With the notable exception of my books in paperback format, the practical entirety of my professional output is digital in nature. When I write an online article or publish a YouTube video, there’s no physical manifestation. Aside from the bits and bytes on some server somewhere, of course. When I pour in hours upon hours into editing or content creation, there’s no tangible thing I can hold in my hands. And likely because of all that, the analog continues to entice me.
I know it sounds crazy. And no, I’m not volunteering to go over to your house to do it. But I enjoy a quiet satisfaction in otherwise mundane, ordinary household chores. Folding laundry. Washing dishes. Shoveling snow. While I’m not at all interested in performing these tasks a lot, they offer a strange reprieve from my otherwise digital existence. A pile of folded laundry provides a sense of mild accomplishment. I can bask in the glory of a freshly mowed lawn.
True. Jokes aside, given my line of work, I'm missing that satisfaction of making an actual physical thing that I can hold on my hands and say, "I made that."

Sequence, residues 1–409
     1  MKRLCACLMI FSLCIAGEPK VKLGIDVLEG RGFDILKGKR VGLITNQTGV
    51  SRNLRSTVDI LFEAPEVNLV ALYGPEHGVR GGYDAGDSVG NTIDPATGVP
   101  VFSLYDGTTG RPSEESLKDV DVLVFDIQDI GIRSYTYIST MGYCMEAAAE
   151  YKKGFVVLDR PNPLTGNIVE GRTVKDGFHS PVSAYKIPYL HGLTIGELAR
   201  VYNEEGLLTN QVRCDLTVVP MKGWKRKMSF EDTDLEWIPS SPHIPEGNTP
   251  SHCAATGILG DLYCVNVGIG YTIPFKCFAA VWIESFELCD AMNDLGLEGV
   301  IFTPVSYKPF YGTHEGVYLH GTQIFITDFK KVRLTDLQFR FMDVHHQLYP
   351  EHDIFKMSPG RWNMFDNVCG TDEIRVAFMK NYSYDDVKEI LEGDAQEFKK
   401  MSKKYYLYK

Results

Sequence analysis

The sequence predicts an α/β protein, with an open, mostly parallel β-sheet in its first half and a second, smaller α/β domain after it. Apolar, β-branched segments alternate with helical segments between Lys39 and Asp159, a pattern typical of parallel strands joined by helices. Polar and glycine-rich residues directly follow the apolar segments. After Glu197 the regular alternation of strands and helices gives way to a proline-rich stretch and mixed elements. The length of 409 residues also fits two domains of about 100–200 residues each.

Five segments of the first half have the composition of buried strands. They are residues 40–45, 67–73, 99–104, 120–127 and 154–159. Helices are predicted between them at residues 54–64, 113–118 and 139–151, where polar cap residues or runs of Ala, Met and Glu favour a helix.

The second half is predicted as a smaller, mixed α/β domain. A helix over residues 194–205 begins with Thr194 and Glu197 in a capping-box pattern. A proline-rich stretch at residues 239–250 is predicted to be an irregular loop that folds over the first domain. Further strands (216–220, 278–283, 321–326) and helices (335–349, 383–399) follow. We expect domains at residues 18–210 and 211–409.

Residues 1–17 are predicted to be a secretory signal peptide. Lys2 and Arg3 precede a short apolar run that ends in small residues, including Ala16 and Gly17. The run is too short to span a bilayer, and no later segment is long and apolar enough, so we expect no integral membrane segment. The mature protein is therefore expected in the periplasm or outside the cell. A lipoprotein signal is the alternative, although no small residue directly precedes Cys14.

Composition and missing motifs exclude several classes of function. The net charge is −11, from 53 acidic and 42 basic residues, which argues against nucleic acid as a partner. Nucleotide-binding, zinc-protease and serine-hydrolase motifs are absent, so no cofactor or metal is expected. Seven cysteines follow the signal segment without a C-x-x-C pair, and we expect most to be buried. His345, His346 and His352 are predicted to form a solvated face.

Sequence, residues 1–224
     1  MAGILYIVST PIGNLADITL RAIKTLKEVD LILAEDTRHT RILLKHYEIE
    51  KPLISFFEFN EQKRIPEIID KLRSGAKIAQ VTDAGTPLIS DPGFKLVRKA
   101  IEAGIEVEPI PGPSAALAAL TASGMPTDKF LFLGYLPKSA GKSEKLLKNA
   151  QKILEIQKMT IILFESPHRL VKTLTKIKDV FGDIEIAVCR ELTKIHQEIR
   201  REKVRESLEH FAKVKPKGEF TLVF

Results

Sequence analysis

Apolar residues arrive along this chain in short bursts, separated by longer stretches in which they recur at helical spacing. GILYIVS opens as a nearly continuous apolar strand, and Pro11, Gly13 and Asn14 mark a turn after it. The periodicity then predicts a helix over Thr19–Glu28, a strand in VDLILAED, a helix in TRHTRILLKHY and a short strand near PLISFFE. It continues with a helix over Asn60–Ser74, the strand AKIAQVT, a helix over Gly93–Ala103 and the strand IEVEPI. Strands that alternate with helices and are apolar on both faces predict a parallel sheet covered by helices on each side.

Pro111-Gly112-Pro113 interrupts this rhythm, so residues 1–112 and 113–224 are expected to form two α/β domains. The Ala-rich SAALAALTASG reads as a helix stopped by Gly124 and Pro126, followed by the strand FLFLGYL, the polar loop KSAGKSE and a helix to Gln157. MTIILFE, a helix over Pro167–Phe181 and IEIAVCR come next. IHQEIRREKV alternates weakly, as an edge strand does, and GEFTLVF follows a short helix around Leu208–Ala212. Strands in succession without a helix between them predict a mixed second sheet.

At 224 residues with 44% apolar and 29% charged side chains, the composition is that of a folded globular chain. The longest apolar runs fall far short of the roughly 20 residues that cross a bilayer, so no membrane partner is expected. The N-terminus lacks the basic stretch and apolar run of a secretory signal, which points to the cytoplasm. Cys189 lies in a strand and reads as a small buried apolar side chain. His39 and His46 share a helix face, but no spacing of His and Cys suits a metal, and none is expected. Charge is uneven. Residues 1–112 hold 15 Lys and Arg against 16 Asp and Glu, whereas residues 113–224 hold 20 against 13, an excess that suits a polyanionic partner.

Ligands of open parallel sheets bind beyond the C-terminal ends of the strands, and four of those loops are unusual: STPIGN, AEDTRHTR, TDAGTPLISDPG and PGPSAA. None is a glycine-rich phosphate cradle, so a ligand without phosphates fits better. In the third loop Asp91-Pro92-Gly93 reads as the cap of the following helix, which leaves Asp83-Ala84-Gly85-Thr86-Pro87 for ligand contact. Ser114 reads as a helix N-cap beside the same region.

— Michael Kwan (@michaelkwan) January 10, 2019
The Twitter thread above started because I commented on how my life has changed. In the original tweet, I mentioned that I was sipping on herbal tea while listening to instrumental jazz, “pouring my heart out in a blog post.” Aside from the blog post part, this depiction is a far cry from the man I used to be. Maybe I’m getting older. Maybe I’m turning into a granny.
This is both in line with and completely counter to the appeal of the Buddha Board. Sure, I could play around in Photoshop or draw something on a tablet with a stylus, but that’s still digital. It’s not tangible. The analog experience of picking up a real brush, even if I’m only painting with water, is therapeutic. And rewarding. And yet the inherently fleeting nature of the Buddha Board means I need to let go of this physical manifestation of my creativity.
YouTuber Peter McKinnon recently stated something I thought was rather poignant. You should do something that has nothing to do with what you do. Even if you are fortunate enough to “do what you love” for a living, you need a hobby or an interest that is completely unrelated. It’s one way to battle burnout and promote a greater sense of overall well-being.
So, long story long, maybe I should make something analog. It just probably won’t be crochet. I just want to get my hands on something other than a keyboard and mouse, you know?